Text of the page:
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27 June 2022

Leah Williamson embracing responsibility of leading hosts England at Euro 2022

27 June 2022

Leah Williamson says she feels a sense of “responsibility rather than pressure” as she prepares to captain England at a home Euros.

The 25-year-old has also spoken about how she has been taking note of the behaviour of other captains, including England cricket skipper Ben Stokes.

Having been given the armband by boss Sarina Wiegman in a number of games through the season in the absence of the injured Steph Houghton, Williamson was then confirmed as Lionesses captain for this summer’s Euros in April.

She heads into the showpiece with her previous senior major tournament experience featuring one substitute appearance at the 2019 World Cup in France, as well as playing three times for Great Britain at the Tokyo Olympics last year.

Leah Williamson is embracing the responsibility of leading England at the Euros (Zac Goodwin/PA) (PA Wire)

And when asked about the pressure of going from that brief World Cup cameo to the current situation, the Arsenal defender said: “It’s funny. I think on paper it looks like a pressurised situation, but I don’t feel that at the minute. I’m still finding my way with it.

“I’m not pretending to know all the answers – maybe it’s because I’m not pretending to know the answers, or to be the most ready I’ve ever been. I’ve got processes in place I’ve been using for the last however long in my career for dealing with pressure and things like that.

“It’s not that I’ve been put on a pedestal, I’m just the same, it’s just I have this extra responsibility. And I take it more as a responsibility rather than pressure.

“I do feel like I would have given anything to get on the pitch (with England), so I don’t intend to waste a second now not enjoying it.

“The influence all the people I’ve played under has had on me is quite a nice mix. I’ve had leaders on the pitch, off the pitch, and I’ve had quite a lot of influence from all of those people.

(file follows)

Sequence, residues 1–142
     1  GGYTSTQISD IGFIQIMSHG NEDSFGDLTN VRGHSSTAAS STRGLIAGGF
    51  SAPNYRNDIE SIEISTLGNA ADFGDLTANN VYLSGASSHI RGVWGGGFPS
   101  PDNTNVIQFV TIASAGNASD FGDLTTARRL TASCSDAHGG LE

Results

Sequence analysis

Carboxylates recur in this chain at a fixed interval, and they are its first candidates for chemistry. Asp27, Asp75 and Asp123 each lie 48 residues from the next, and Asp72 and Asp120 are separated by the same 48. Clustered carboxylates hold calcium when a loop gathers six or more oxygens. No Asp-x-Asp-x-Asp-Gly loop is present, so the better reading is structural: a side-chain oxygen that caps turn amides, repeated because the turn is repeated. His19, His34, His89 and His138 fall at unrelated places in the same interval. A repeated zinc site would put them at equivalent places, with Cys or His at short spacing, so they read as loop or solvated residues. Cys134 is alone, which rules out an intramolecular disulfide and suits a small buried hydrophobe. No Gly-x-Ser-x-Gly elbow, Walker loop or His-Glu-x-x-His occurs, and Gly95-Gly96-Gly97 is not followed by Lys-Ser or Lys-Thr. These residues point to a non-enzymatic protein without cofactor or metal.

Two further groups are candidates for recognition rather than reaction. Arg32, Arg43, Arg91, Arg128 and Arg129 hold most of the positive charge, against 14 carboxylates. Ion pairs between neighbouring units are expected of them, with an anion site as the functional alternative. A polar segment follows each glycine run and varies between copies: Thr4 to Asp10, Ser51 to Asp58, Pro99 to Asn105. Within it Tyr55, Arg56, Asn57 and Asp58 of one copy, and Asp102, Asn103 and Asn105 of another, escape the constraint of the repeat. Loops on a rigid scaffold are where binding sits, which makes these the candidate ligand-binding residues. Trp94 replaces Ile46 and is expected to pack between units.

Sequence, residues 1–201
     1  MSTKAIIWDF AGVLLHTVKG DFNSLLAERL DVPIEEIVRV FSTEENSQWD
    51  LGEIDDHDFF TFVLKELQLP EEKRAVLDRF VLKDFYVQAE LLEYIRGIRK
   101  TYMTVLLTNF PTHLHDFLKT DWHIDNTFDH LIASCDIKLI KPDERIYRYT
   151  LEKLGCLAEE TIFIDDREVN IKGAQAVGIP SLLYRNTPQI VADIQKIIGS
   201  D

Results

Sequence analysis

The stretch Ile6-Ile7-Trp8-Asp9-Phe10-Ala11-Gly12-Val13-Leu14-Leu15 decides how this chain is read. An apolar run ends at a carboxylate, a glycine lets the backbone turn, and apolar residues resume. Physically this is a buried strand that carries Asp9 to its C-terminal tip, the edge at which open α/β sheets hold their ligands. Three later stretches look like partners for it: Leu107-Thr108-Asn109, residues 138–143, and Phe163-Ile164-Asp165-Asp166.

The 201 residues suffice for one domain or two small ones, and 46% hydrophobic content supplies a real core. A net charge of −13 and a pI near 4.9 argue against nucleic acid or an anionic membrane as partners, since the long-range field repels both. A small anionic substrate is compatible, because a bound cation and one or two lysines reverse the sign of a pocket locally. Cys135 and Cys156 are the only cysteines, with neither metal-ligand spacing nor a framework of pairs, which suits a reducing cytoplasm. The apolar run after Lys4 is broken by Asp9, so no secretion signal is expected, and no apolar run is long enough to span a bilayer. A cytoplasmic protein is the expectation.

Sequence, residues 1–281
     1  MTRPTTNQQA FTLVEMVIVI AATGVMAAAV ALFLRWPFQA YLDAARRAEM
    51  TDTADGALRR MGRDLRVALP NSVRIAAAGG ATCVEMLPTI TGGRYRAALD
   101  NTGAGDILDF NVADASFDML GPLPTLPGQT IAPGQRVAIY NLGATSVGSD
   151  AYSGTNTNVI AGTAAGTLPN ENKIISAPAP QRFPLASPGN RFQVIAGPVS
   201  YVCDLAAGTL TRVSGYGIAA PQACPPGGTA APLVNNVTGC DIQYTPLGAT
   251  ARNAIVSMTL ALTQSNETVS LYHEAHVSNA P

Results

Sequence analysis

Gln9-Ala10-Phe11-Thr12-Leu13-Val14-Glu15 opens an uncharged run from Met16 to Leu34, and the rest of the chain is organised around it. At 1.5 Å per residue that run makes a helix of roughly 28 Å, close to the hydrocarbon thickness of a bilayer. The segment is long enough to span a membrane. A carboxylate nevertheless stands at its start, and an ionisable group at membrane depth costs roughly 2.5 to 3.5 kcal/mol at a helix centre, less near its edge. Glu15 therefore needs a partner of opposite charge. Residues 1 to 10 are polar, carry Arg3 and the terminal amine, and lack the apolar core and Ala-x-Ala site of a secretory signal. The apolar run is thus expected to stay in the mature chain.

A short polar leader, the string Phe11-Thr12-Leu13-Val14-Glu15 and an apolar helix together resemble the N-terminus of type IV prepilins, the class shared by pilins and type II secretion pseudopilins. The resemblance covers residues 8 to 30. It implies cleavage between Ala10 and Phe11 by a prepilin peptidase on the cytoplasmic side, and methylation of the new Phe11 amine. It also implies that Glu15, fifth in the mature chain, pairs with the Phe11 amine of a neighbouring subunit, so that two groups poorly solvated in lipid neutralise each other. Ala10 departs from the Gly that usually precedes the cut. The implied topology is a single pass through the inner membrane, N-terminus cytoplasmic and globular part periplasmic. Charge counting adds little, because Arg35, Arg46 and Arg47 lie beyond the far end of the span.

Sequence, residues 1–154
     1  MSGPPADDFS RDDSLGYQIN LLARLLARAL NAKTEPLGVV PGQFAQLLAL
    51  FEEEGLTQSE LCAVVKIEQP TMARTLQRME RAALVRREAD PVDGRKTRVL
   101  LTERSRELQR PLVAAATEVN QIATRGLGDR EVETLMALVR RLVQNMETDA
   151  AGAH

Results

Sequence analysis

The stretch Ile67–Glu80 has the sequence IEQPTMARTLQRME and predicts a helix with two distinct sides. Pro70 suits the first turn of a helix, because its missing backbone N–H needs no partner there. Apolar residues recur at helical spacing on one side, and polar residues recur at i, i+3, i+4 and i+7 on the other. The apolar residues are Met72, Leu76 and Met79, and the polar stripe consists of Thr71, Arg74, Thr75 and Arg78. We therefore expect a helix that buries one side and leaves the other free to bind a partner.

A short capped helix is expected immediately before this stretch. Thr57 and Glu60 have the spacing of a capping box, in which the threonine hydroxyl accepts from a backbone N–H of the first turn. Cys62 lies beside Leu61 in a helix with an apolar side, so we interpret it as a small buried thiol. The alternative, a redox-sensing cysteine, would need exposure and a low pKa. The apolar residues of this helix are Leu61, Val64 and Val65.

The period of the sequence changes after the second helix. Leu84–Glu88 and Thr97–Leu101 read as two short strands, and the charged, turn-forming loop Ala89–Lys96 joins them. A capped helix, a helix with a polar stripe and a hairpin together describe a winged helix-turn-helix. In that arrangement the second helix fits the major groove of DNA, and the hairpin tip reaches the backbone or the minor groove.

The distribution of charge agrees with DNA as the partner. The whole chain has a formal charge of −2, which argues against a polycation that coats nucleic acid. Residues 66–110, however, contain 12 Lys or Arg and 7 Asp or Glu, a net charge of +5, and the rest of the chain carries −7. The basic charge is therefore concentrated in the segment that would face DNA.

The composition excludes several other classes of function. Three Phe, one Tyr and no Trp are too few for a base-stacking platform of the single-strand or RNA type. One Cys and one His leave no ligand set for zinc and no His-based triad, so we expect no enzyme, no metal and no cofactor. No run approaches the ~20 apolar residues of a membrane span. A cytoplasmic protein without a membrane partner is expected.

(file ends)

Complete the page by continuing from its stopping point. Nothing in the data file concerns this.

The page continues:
“I do like observing other captains and seeing how they behave and then seeing what kind of character, person and player I am.

“For example, I watched Ben Stokes the other day and I was listening to his presentation and what he wants from his team, so to speak. It’s not the same conversation (I might have) but in terms of those little nuggets of information I think it really helped.”

England were recently in camp at St George’s Park at the same time as the men’s side.

Williamson added: “I didn’t actually get a chance to speak to Harry (Kane) which would have been really good, but maybe I will do (in the future).

“I spoke to Kieran Trippier for quite a long time when they invited us to speak with him and Declan (Rice). It was nice, just hearing what they went through (during their Euros last summer) so we can be proactive.”

Sarina Wiegman is unbeaten as England manager (Nick Potts/PA) (PA Wire)

Williamson is working under a manager in Wiegman who guided the Netherlands to Euro 2017 glory, then the 2019 World Cup final and has so far had an unbeaten England tenure – with all but two games won – since taking charge last September.

“Sarina knows what she wants and she’s very, very clear about it. She is a matter-of-fact person and doesn’t really leave many grey areas which I think is a real strength,” Williamson added.

“I have small chats (with her) and I’ll speak about things that need to be spoken about, but it’s not forced and if she needs any information, I’m here and if not, we just kind of facilitate whatever she wants to do. The team is self-sufficient and she’s so clear about what she wants. It’s working well.”

England complete their warm-up fixtures against Switzerland on Thursday, then take on Austria at a sold-out Old Trafford in the opening game of the Euros on July 6, an experience Williamson is keen to share with her family.

Williamson said: “I’ve told (her family) I can never repay the investment they’ve made in me, the money, the time and everything.

“I can never ever, repay that other than giving them experiences, whether it’s them coming to indoor games to watch me or coming to Old Trafford with 70,000 fans. That’s the only way I can ever pay them back, and I’m happy for them that they’re getting to experience that a little more now.

“When my family came to France I had 10 or more people coming to every single game there and yet I played (only a few) minutes. But doesn’t change (anything) as they would be just as proud of me, and for them to be able really to enjoy it now is nice.”

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